Santa's Seven Favorite Surveillance Toys of 2022

Santa's Seven Favorite Surveillance Toys of 2022

These new tech toys could harvest kids' data, strain mental health, and expose them to online creeps.

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Photo: Jeff J Mitchell (Getty Images)

It’s the holiday season and now, maybe more than ever, kids around the world are begging their parents for the next shiny gadgets and gizmos. While there’s no shortage of enticing new tech toys to choose from, recent revelations unearthed from The Facebook Papers and academic research show the potentially troubling effects internet-connected devices (particularly those with links to social media) can have on the mental health of kids and teens. Data brokers and harvesters, meanwhile, are as eager as ever to siphon up younger users’ personal data.

It’s with those concerns in mind that nonprofit child safety organization ParentsTogether decided to put together its 2022 Dangerous Tech Toys report. The organization says it compiled the list, not necessarily as a “what not to buy” list, but rather to serve as a conversation piece to help parents learn about the dangers some seemingly innocuous toys could pose.

“As we approach the holiday season, parents are starting to think about what gifts to buy their children, and with kids spending so much time online between school and play, tech products are inevitably coming up,” ParentsTogether, Campaign Director Shelby Knox said in a statement. “We want to make sure that parents are equipped with the information they need to keep their kids safe and informed, as we’ve seen time and time again that we can’t trust huge tech companies that put profit before safety.”

That said, if you did happen to buy one of these devices for your kids, we promise we won’t tell anyone if you start reaching for the receipt or rip out the batteries. Keep reading through to see some of the most dangerous tech toys for kids and teens, according to the ParentsTogether report.

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YouTube Premium Subscription

YouTube Premium Subscription

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If you’re anything like this writer, YouTube bombards you with countless pop-ups and interruptions encouraging you to upgrade to their paid subscription tier. That constant prodding is annoying enough on its own, but ParentsTogether says the subscription may move beyond annoying and actually present real danger when served up to young users.

The $11.99 paid tier removes YouTube’s incessant ads from videos and grants full access to YouTube music and a selection of original content. It also, according to ParentsTogether, comes with a risk of addiction and creepy adult interactions. While YouTube age restricts adult content, young users can easily work around those guardrails and even stumble upon violent or sexual content. And while experts disagree on the science behind just how harmful social media can be on a psychological level, ParentsTogether boldly proclaims YouTube is, “designed to be addictive.”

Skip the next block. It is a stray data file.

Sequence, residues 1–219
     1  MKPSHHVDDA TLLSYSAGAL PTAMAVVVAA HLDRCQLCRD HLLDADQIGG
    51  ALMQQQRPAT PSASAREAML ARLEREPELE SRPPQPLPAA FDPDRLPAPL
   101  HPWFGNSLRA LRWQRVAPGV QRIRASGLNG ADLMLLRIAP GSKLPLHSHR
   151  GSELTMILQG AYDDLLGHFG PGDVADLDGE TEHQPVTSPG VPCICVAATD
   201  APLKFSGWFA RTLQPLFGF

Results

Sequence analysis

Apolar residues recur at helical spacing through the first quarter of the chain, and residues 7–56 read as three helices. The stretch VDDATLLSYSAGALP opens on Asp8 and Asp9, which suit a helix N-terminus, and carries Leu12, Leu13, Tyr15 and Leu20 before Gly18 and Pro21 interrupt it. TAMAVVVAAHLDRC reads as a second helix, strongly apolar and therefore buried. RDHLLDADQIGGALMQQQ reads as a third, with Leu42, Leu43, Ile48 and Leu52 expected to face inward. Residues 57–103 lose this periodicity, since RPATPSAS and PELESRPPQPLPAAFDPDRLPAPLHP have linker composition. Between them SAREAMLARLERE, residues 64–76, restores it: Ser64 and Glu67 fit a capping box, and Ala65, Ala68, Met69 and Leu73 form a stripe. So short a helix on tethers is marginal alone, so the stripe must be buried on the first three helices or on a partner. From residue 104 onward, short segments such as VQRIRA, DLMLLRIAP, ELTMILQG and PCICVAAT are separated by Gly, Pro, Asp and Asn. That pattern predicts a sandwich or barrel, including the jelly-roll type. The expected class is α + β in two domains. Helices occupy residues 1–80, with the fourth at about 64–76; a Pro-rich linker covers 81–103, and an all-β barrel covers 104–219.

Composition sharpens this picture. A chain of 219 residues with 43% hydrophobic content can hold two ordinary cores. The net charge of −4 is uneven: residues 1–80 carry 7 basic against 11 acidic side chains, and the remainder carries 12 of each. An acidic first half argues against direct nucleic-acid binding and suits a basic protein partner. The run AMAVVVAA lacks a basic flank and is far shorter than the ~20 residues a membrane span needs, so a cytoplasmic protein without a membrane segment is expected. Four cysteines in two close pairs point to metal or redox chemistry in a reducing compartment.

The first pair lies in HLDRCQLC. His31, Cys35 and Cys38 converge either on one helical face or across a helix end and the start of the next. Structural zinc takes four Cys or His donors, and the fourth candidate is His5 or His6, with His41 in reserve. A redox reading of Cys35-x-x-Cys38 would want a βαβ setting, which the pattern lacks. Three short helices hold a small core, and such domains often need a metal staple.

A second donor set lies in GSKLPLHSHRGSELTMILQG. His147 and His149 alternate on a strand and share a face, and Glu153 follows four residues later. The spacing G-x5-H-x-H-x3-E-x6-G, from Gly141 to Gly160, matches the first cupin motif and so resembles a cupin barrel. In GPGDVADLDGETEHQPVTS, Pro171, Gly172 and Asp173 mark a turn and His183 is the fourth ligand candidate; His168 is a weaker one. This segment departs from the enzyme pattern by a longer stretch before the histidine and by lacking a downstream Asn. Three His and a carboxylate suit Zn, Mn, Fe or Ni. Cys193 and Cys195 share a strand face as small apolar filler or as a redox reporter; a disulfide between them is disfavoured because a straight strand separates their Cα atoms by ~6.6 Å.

The reality is, like most social media, teens and kids are going to make their way online one way or another. Still, it’s best not to make it easier than necessary.

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Smart Phones, Smart Watches, and Internet Connected Devices

Smart Phones, Smart Watches, and Internet Connected Devices

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Photo: Mario Tama (Getty Images)

Okay, this is an obvious but incredibly difficult entry. Mobile internet-connected devices are a flashing target for advertisers, online creeps, hackers, and even foreign state governments all eager to siphon up users’ data. The intimacy and immediacy of access granted by mobile devices potentially makes the harms associated with other tech products, like social media and games, all the more pervasive. At the same time though, restricting people from using mobile devices in 2023 is increasingly akin to preventing people from walking outside. Even if you did want to keep phones out of kids’ hands, the battle’s lost for most teens. As of 2019, Pew Research estimated nearly all (95%) of U.S. teens had access to smartphones.

Still, ParentTogether recommends taking steps to limit children’s use of social media, particularly those who are under the age of 13. The less time they spend on their phones and on social media, the fewer data advertising firms can siphon up from them. ParentsTogether estimates online advertising firms already have 72 million data points on an average kid by the time they reach the age of 13.

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Meta Quest 2 Virtual Reality Headset

Meta Quest 2 Virtual Reality Headset

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Photo: Justin Sullivan (Getty Images)

With Meta’s long-term ambition for the metaverse still many years and many billions of dollars away, virtual reality games tailored toward young audiences remain one of the most reliable use cases for the new technology. That doesn’t mean it’s necessarily great for kids.